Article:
When it comes to server sprawl, the big picture is bad.

Analyst firm IDC expects the number of servers in the US to grow from 2.8 million in 2005 to 4.9 million by 2009. Data centres "are becoming more and more swollen," causing IT costs to rise quickly, IDC analyst Vernon Turner said at the IDC Virtualization Forum, which was held here last week.

The constant need for more horsepower, and the accompanying expense, are leading some IT operations to slowly turn to virtualisation technology.

The IT staff at Deluxe Laboratories, a media services subsidiary of Rank Group, manages about 400 mostly x86-based servers, and the count is growing by about 30 per cent a year, said Mark Winter, executive vice president for IT.

The company is testing virtualisation technology installed by consulting firm Savvis but Winters estimated that it will take three years to expand its use throughout the firm.

"I'm getting to the point where I'm having difficulty managing," said Winter. The server growth has pushed the company's ratio of servers to systems administrators to about 30-to-1, far higher than Winter would like. "Right now," he said, "I'm at half the number [of administrators] I need."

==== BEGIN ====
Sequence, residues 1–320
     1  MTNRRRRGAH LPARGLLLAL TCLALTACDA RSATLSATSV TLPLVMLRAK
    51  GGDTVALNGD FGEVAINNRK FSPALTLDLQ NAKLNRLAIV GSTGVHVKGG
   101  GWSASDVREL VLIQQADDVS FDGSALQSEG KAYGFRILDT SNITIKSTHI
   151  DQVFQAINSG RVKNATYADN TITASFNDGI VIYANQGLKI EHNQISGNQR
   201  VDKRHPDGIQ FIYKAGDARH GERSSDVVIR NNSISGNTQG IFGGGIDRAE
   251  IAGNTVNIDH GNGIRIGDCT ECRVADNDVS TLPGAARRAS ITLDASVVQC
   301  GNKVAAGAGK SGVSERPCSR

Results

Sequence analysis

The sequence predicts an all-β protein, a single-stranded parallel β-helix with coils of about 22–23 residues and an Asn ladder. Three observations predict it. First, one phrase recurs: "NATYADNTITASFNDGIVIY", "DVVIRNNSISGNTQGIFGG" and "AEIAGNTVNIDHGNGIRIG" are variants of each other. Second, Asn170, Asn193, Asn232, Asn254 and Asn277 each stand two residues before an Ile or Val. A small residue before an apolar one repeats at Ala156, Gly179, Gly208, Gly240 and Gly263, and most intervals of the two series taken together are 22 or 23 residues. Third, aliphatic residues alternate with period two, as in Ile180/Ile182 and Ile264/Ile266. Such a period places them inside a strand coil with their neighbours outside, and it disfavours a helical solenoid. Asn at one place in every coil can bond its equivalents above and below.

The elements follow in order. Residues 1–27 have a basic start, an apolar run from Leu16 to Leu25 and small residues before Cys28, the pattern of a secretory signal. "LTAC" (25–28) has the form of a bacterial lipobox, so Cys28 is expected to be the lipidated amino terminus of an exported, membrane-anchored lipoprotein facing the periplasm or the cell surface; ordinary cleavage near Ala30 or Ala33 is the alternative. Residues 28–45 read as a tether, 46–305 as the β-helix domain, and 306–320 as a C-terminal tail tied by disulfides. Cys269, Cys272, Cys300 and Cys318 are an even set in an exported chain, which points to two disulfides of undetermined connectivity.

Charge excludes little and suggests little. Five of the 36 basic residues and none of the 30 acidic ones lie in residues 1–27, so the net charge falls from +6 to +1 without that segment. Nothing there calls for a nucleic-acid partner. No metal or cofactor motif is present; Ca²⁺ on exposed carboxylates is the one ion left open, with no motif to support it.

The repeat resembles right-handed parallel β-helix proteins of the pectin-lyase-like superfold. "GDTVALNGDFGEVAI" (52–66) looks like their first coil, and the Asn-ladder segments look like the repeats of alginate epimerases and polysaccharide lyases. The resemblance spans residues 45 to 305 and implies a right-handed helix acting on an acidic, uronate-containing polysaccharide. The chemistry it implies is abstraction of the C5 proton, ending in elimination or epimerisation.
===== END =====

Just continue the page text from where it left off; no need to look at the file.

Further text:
Desert Schools Federal Credit Union in Phoenix expects to cut costs significantly by running VMware's virtualisation software on two two-way, dual-core Opteron-based blade servers, which were installed last week, said Doug Baer, a systems engineer at the firm. Baer said the new systems are expected to handle the workload that is running on the five two-way, single-core Xeon machines they are replacing. "I can hardly imagine buying another server," said Baer, crediting the virtualisation software from EMC's VMware subsidiary. "Once you build your virtual infrastructure, you are definitely slowing down your server proliferation."

John Weeks, IT manager at Enumclaw Insurance wants to enhance his virtualised environment by adding systems running dual-core Intel chips with the vendor's Virtualization Technology (VT).

Enumclaw currently runs VMware on 40 Intel-based servers, and Weeks said he thinks that running the software on systems incorporating VT would improve virtualisation performance significantly.

VT has been included in Intel's Xeon MP chip, formerly code-named Paxville, since last year, but it had been disabled. Intel began allowing users to enable it last week.